Tuesday, March 17, 2009

Pacific Nortwest Hamburger Trivia

I am currently reading the book "Hamburger America" by George Motz. (Here's his blog). Motz reviews "the best hamburgers in America" and Washington State placed twice. The first one is Dick's, an easy choice for history, though their are many Seattle institutions that could (and should) rate higher in quality (Red Mill comes to mind), and the second is Eagan's Big Tom, in my home town of Olympia. I talked in depth about Egans, Dicks, and others, in my previous post on hamburgers. What I found interesting by reading the book is that what I called "Dick Sauce," what Egan's has trademarked as "Goop" is an anomoly to the Pacific Northwest. Besides Egan's and Dick's, many other PNW hamburger places (including Kidd Valley) serve a similar sauce.

The book is an interesting read, though I wish there were more pictures of hamburgers, but it came with an accompanying DVD that was very interesting (though way too short). It featured eight diners across America. They were:

Solly's Grill, Milwaukee, WI (home of the Butterburger, a hamburger with what looks like a quarter cup of butter on it)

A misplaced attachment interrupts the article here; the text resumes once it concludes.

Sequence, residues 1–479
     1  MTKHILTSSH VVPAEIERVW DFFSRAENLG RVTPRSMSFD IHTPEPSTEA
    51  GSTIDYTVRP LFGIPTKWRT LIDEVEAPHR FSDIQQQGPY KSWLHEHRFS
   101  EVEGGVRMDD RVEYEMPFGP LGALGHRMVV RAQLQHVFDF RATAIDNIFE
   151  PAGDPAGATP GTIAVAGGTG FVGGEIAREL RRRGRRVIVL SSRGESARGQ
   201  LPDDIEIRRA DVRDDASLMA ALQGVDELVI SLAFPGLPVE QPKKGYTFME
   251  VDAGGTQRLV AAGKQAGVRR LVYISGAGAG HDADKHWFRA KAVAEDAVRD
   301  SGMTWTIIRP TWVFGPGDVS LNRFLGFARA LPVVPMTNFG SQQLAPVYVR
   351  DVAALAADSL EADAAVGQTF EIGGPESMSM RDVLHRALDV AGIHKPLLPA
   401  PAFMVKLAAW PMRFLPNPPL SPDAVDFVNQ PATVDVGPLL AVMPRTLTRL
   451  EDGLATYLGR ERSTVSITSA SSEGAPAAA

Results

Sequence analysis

Ted's Restaraunt - Meridan, CT (home of the Steamed cheeseburger)

Dyer's Burgers - Memphis, TN (a deep-fried burger that has used the same grease for 90+ years)

Wheel In Drive Inn (CLOSED) - Sedalia, MO (home of the Guberburger, a hamburger with peanut butter)

Bobcat Bite - Santa Fe, NM (a Green Chili Burger)

Louis Lunch - New Haven, CT ("inventor" of the hamburger that has used the same broilers for 110 years)

Meer's Store & Restaurant, Meer's, OK (Home of the hubcap-sized hamburger. They use only fresh ground, grass fed, Texas Long Horn cattle)

Billy Goat Tavern & Grill, Chicago, IL (home of the Cubs Curse and inspiration for John Belushi's SNL sketch "Chezzboygi")

Of the eight Bobcat Bite's sounds the best to me. The idea of a deep-fried burger, a burger with a stick of butter on it, a burger with peanut butter, or one that is steamed doesn't sit well with my stomach (plus they disparage mayonaise, Meer's calls a burger with Mayo a "Sissyburger"). I'd still eat there, but I might sneak in a jar of Miracle Whip.

I haven't dived very far into the book (and I am still waiting for two more books on hamburgers and one on the history of pizza from Amazon).

Hamburger America has shot a pilot and hopefully a TV series isn't too far behind. Their must be a million places for hamburgers in America and at least 52 must have interesting stories


Mike said...

would you like the real recipe for Goop?

I've been making it now for forty-one years and have a little insight.


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